/ Modified mar 14, 2018 8:39 a.m.

Citing Safety, Schools Hope On-Campus Alternatives Minimize Student Walkouts

National School Walkout Wednesday to call for meaningful action on gun legislation and safer schools.

High School education school hero High school students in Tucson.

As young people in Tucson prepared to join their peers nationwide to demonstrate for safer schools and protest gun violence, school districts were compelled to make a decision about how to deal with students walking out of class. For some, that meant offering alternatives intended to keep students on campus.

Those who join National School Walkout, 10 a.m. March 14, will do so for 17 minutes of observance, one each for the 17 victims shot dead in a Florida school on Feb. 14.

Tucson Unified School District Superintendent Gabriel Trujillo said schools have tapped into student government and clubs to organize events that can keep students on campus. Those include a "teach-in" at Tucson High, a "walk-in" to the football field at Cholla, and small-group discussions at Sabino.

"Really, we are trying to minimize the potential for an off-campus walkout in our schools," Trujillo said.

He said the district is also urging students to participate in a demonstration on March 24 — a Saturday — instead.

National School Walkout Image from the Tucson Facebook page of the National School Walkout, planned for March 14.
via Facebook

It's all about safety, he said, citing the potential of students to get hurt or make poor decisions when out of class.

Students who do choose to walk out of class face the possibility of an unexcused absence, and the subsequent "natural consequences" for that, but Trujillo said schools won't lock students in.

"We don't want confrontations with kids, we don't get physical with kids, we don't slam gates shut, forcing kids to jump a gate and get injured," he said. "If kids are choosing to walk off campus, we've mobilized our school safety team."

Students at Marana Unified School District also face unexcused absences if they walk out, and the district is also offering "alternative opportunities," including a voluntary 17-minute remembrance on campus, with counselors available.

Amphitheater School District said it was offering student-organized events as alternatives to an actual walkout.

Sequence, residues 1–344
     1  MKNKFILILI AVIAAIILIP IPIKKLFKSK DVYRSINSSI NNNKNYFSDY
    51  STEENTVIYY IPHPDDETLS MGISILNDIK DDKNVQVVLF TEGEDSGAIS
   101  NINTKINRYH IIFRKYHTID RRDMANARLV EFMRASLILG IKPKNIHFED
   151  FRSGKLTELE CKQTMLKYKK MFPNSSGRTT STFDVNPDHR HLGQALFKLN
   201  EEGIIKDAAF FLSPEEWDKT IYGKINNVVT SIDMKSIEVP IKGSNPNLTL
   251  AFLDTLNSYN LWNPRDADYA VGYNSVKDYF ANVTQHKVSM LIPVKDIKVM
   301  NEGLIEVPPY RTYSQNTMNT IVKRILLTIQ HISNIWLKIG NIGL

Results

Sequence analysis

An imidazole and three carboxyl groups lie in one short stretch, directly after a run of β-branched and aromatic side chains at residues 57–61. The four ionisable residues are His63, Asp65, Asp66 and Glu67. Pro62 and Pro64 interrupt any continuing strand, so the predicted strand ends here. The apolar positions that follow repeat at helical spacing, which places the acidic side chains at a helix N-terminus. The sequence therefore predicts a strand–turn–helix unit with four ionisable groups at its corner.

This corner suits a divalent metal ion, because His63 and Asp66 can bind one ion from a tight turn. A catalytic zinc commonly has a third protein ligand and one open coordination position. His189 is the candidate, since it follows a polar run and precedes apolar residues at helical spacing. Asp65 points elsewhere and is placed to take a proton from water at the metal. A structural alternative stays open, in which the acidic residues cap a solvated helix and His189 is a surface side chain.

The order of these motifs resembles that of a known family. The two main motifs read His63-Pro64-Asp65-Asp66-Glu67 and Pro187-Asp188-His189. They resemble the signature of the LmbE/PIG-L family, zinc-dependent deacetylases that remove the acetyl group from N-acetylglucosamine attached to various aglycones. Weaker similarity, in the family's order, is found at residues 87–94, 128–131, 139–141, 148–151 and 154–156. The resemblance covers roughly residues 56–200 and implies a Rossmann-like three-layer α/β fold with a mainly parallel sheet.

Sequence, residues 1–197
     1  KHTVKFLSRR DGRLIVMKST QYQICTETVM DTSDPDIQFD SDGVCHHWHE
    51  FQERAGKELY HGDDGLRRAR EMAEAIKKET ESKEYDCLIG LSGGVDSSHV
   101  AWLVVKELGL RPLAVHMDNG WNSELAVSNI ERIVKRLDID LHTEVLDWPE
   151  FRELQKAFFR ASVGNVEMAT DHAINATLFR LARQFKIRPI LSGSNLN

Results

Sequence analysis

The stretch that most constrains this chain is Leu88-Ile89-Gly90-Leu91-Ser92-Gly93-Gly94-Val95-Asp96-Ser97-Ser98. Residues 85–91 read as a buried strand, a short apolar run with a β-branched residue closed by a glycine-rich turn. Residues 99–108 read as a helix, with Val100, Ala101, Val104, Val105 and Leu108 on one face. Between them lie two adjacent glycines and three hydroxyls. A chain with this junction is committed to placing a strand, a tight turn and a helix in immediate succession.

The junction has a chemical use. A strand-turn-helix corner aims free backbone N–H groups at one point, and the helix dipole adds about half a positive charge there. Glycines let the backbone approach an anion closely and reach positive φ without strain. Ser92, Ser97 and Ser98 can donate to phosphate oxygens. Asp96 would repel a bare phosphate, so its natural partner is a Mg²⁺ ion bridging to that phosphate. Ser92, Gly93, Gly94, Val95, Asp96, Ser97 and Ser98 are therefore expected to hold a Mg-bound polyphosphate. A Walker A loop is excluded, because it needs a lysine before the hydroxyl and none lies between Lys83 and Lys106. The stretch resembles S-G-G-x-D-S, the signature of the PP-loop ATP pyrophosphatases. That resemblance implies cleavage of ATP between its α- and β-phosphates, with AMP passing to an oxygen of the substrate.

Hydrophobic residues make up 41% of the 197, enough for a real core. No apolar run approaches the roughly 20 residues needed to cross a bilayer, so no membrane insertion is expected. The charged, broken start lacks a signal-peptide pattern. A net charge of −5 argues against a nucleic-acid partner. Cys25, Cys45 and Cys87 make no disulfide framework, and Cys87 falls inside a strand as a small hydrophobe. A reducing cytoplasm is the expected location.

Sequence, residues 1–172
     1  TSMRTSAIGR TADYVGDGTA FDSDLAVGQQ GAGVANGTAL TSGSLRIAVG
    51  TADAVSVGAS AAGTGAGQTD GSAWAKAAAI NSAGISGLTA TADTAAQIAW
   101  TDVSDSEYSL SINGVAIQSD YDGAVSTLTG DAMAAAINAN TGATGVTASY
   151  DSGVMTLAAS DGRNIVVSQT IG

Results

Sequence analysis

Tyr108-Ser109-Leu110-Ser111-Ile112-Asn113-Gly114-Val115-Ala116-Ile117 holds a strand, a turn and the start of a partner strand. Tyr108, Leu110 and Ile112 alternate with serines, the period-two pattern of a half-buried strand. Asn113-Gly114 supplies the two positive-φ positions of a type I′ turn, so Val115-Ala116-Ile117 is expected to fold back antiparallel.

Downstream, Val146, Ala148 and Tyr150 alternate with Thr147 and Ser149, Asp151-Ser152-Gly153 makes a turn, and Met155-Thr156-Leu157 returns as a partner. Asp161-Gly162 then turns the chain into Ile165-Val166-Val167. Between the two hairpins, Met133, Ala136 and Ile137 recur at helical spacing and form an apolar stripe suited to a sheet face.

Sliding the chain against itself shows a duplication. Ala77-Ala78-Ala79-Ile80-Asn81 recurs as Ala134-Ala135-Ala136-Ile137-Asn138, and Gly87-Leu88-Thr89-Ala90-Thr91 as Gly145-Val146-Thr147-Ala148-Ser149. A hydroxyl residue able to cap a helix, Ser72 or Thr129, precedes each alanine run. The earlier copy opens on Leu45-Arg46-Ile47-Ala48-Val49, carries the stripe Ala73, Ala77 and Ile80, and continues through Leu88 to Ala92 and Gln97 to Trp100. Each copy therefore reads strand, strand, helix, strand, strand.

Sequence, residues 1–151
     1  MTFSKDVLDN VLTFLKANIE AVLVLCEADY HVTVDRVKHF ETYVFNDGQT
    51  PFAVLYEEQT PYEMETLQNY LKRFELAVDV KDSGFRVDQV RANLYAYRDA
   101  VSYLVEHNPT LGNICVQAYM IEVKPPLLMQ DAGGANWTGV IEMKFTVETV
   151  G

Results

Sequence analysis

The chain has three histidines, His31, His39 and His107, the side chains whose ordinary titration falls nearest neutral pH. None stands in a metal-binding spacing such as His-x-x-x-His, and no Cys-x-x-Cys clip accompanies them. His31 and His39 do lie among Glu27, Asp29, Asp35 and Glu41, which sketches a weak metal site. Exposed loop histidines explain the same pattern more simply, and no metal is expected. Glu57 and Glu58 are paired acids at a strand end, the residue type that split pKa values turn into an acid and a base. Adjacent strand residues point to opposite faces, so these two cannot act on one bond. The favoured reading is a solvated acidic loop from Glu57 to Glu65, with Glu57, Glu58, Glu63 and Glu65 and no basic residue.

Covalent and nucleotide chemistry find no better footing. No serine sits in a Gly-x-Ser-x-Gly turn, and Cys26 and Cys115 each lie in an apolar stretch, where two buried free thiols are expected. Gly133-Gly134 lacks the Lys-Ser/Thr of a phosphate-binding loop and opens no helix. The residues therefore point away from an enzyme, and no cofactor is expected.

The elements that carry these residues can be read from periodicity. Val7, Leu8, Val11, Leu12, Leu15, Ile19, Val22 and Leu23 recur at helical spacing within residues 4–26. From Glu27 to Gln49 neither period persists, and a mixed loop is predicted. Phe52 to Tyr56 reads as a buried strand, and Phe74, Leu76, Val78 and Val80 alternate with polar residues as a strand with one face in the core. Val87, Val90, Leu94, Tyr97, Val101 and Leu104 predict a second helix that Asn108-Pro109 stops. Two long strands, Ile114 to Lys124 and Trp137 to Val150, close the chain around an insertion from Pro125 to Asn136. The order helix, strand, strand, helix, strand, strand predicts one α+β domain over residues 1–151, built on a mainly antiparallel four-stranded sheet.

Schools around the country have faced a similar dilemma, with different responses, sparking a discussion about students, schools and free speech.

Annie Holub, dean of student life and school culture at City High School, said they're anticipating many students will participate, and the administration is working with them to foster "conscious participation" in it. Student organizers have questions they hope participants will answer, and a supervised space will be provided for those who choose not to participate.

There won't be any consequences if students walk out, and the school is making a slight adjustment to the schedule to accommodate.

"We as a school really encourage civic involvement and community activism," though only for those who feel inclined, she said.

She said the school's student body of 184, and location downtown, make allowing student participation easier than for districts with larger schools in different areas.

"I can see how a larger school can be really chaotic and scary not knowing where your students are going. ... In a larger school it could be far more disruptive to a school day," Holub said.

The organizers of the National Student Walkout asked students and faculty from all over the country to walk out for 17 minutes to demand political leaders "do more than tweet thoughts and prayers in response to this violence."

Sunnyside Unified School District said it did not expect walkouts and said schools had been communicating with stakeholders. An on-campus demonstration was planned for Sunnyside High School, though the district did not say if there would be consequences for students who left class.

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